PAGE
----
Data from: Contrasting drivers of diversification rates on islands and continents across three Passerine families
Conway, Meaghan; Olsen, Brian (2019), Data from: Contrasting drivers of diversification rates on islands and continents across three Passerine families, Dryad, Dataset, https://doi.org/10.5061/dryad.465b258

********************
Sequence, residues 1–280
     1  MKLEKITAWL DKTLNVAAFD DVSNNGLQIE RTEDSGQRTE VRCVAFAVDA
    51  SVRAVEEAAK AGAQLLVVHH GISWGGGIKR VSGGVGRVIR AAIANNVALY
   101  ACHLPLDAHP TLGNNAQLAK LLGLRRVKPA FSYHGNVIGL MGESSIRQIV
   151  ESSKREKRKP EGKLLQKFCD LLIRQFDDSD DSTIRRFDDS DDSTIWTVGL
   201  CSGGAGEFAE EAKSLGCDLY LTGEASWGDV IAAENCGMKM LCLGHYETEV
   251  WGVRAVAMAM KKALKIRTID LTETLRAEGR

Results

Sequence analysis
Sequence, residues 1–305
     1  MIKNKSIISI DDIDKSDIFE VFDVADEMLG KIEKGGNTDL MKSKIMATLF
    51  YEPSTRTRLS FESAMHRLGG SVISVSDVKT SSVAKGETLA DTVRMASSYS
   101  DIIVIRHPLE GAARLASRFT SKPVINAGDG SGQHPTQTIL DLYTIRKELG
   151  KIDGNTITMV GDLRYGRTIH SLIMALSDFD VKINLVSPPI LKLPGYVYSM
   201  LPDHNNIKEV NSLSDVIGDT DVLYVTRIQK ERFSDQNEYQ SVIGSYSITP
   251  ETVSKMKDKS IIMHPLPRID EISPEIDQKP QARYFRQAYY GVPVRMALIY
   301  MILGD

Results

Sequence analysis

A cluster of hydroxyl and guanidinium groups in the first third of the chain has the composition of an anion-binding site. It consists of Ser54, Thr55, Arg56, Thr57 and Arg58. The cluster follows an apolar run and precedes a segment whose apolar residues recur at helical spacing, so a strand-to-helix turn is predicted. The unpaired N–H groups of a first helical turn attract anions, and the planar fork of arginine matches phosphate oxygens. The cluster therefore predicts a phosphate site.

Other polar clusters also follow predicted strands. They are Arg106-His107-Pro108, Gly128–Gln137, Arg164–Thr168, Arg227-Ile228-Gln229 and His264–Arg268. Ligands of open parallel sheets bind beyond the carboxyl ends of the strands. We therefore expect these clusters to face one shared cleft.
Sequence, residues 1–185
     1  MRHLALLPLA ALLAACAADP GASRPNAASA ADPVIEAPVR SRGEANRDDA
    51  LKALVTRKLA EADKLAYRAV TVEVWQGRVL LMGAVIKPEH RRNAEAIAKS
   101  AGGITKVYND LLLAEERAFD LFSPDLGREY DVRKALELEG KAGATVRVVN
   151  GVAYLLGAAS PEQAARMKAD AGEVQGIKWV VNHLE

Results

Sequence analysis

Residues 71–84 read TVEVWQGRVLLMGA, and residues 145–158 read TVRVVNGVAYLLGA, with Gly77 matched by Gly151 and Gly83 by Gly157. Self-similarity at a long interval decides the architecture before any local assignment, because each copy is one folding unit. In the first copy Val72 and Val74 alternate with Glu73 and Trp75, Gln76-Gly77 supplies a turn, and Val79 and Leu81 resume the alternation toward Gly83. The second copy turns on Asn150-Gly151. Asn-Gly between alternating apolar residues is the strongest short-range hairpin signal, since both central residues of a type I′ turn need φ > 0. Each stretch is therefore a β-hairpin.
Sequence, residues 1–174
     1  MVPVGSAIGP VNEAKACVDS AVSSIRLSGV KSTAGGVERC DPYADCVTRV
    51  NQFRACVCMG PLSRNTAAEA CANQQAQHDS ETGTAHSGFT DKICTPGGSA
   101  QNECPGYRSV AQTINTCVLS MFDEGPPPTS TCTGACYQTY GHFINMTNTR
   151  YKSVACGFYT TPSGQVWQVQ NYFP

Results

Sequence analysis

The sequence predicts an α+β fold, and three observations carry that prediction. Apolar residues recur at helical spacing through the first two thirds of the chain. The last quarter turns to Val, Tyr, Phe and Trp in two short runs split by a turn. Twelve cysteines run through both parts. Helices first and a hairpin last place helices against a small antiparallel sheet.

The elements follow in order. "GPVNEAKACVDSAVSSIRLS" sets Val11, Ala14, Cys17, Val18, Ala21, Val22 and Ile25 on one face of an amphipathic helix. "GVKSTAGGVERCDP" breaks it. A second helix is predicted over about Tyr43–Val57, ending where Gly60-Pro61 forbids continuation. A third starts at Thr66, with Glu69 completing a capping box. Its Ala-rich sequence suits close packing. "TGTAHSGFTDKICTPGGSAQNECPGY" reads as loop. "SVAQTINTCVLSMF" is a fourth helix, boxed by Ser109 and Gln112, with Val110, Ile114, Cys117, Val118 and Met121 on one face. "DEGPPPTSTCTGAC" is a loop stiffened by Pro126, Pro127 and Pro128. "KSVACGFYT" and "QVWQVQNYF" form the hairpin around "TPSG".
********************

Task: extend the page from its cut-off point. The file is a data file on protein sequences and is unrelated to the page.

Rates of diversification vary greatly among taxa. Understanding how species-specific traits influence speciation rates will help elucidate mechanisms driving the production and maintenance of biodiversity over broad spatiotemporal scales. Ecological specialization and range size are two characteristics thought to predict differences in speciation rates among clades, yet each mechanism predicts both increases and decreases in speciation. We estimate a continuous index of specialization using avian bill morphology. We determine the relative effect of specialization and range size and shape on speciation rates across 559 species within the Emberizoidea superfamily, a morphologically diverse clade distributed across the Americas and associated islands. We find a significant positive correlation between specialization and speciation rate, and a negative correlation with range size. Only the effect of specialization persisted after removing island endemics, suggesting that ecological specialization is an important driver of diversity across large macroevolutionary scales and the relative importance of specific drivers may differ on islands and continents.